Review: The Last Sermon Seeks to Understand how Religion Becomes Radicalized

In April 2003, filmmakers Jack Baxter and Joshua Faudem were shooting a documentary about a blues music bar in Tel Aviv called Mike’s Place, that just happened to be located next door to the American embassy. Part of the resulting film’s (Blues by the Beach) message was intended to show that there are pockets of fun and normality in the Middle East, beyond the perceived constant threat of terrorism and endless war. But filming in the bar was cut short when a suicide bombing took place, killing many and leaving Baxter partially paralyzed on his left side with remnants of “organic shrapnel” remaining in his arm. (There were actually two bombers, but only one of the bombs went off, leading some to believe that the second bomber had a change of heart.)

The Last Sermon
Image courtesy of Gravitas Ventures

Fourteen years later, in The Last Sermon, Baxter (Brother Minister: The Assassination of Malcolm X) and Faudem decide to explore the wider contributing factors of global terrorism by attempting to interview the family members of the two bombers (who have since become martyrs among terrorists) to see if they knew their relatives were going to do this and how they feel about their actions. Unlike many docs where the filmmakers stay out of the way of the story, Baxter in particular seems insistent on inserting himself and the bombing itself into every aspect of the film, which doesn’t feel as entirely disruptive as you might think it would be—until it is in rather dramatic fashion.

The other goal of the film is to remind viewers—and some of the people Baxter interviews—of the true meaning of being a Muslim by reciting the final passages of the Quran, one that speaks in strong terms against blood revenge or the superiority of one religion over another. He wants to understand how such sacred and profound and peaceful text has gotten warped and radicalized throughout the years. The movie gets into a bit of Baxter’s personal history as something of a fanatical Christian, so he’s certainly familiar with the process of conversion. He was never asked to commit acts of violence for his faith, though that doesn’t mean Christian-based religions haven’t done so otherwise, something he seems to gloss over.

The Last Sermon veers away from the thoughts on terrorism frequently as Baxter and Faudem take a look at the refugee situation in parts of Europe where nationalism is not only alive but quite threatening to anyone worshipping in a mosque. And sometimes those in power mirror these prejudices to an almost comical effect, particularly in a scene where an anti-immigrant German political candidate sings Baxter an especially racist song; it’s a moment that seems right out of a Borat movie, except it’s scarily real.

In the film’s final act, the 2017 Manchester Arena bombing occurs (a tragedy that killed 22 people attending an Ariana Grande concert). The event hits Baxter particularly hard, especially since there were so many children at the show. Shortly after the event, he meets with a leader at the mosque where one of the bombers was a member, and despite the fact that a solidarity rally is happening when he visits—a chance for the local Muslim community to show they are against the Manchester attack—Baxter uses the opportunity to verbally attack the leader and the group in a truly ugly way that undercuts many of the messages he’s attempting to get across in the doc. All of his attempts at understanding what might turn someone to radicalism go out the door, and what remains is a frustrated, beleaguered man who probably still suffers from PTSD. It’s one of the most emotionally real moments of the film, but it also runs the risk of souring viewers to the entire process in which Baxter has spent the film.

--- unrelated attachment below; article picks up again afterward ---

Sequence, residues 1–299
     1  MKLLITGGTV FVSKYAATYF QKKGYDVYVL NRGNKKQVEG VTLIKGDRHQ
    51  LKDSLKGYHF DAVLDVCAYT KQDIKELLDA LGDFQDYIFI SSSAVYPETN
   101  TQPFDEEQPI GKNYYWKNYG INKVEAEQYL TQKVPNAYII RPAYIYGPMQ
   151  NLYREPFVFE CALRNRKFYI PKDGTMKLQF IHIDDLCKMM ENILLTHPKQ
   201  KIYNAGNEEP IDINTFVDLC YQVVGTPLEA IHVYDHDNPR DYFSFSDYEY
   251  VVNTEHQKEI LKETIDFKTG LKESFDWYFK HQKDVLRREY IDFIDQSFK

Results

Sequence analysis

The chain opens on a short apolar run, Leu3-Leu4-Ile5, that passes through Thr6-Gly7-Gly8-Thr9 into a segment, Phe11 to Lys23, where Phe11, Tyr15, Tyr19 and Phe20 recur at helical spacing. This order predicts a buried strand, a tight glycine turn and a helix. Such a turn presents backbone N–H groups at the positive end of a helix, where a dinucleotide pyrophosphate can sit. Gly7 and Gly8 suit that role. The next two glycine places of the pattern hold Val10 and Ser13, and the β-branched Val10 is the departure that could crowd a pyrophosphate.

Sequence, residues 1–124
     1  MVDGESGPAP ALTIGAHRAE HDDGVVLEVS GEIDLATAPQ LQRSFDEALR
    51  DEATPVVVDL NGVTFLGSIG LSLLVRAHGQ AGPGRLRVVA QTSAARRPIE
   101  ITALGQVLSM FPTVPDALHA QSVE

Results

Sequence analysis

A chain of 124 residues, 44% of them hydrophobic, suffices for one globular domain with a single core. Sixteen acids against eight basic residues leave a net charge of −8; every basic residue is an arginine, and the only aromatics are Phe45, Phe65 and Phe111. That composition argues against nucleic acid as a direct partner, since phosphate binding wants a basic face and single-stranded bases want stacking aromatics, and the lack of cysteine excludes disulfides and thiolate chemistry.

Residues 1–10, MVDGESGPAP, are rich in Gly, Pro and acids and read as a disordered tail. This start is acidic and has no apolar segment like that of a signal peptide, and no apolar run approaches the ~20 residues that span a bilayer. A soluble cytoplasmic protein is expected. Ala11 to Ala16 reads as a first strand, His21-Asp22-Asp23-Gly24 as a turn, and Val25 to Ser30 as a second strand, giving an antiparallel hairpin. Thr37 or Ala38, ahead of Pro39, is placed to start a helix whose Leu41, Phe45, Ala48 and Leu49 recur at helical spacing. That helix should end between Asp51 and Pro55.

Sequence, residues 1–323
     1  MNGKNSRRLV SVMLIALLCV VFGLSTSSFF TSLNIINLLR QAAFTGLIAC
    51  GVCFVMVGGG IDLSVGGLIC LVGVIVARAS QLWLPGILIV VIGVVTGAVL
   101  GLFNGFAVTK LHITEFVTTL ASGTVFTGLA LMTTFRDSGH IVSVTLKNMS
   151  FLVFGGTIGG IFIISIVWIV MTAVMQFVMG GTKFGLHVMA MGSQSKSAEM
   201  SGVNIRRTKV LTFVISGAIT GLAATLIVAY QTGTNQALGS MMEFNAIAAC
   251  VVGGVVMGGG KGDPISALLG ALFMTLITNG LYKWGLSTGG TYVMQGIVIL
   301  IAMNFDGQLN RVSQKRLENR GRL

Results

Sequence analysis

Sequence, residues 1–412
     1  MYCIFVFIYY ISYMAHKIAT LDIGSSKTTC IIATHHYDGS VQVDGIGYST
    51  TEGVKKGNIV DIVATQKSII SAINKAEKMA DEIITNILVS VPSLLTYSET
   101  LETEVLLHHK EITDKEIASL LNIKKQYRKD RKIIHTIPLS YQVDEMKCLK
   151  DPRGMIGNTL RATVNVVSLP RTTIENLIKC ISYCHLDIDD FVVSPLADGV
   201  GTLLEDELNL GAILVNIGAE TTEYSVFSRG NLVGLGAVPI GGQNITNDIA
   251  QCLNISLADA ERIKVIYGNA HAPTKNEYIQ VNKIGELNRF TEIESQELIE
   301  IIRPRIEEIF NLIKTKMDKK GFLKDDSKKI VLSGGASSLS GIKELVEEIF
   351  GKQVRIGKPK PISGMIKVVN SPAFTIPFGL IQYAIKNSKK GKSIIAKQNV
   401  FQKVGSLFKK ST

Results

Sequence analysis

The Last Sermon also features Baxter trying to do the most amount of good, especially when he gets among the refugees. He’s a blues harmonica player going way back, and he pulls the instrument out any time he comes across someone making music. Being the old hippie that he is, he decides to have a harmonica company ship instruments to these camps so Baxter can hand them out to the children and bring a small amount of joy and music into their lives. It sounds ridiculous when we hear about it, but when you see the moment happen, it feels right. Ultimately, the movie stays true to its ideals and mission, despite a few diversions and unpleasant exchanges. I won’t give away whether the filmmakers achieve their goals to get to the families of the bombers, but at a certain point, even that doesn’t seem to matter as much. I have mixed feelings about the film’s outcome, but that’s almost always better than finding an effort predictable and safe.

The film is available beginning Tuesday on VOD.

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Steve Prokopy

Steve Prokopy is chief film critic for the Chicago-based arts outlet
Third Coast Review. For nearly 20 years, he was the Chicago editor for
Ain’t It Cool News, where he contributed film reviews and
filmmaker/actor interviews under the name “Capone.” Currently, he’s a
frequent contributor at /Film ( and Backstory Magazine.
He is also the public relations director for Chicago's independently
owned Music Box Theatre, and holds the position of Vice President for
the Chicago Film Critics Association. In addition, he is a programmer
for the Chicago Critics Film Festival, which has been one of the
city's most anticipated festivals since 2013.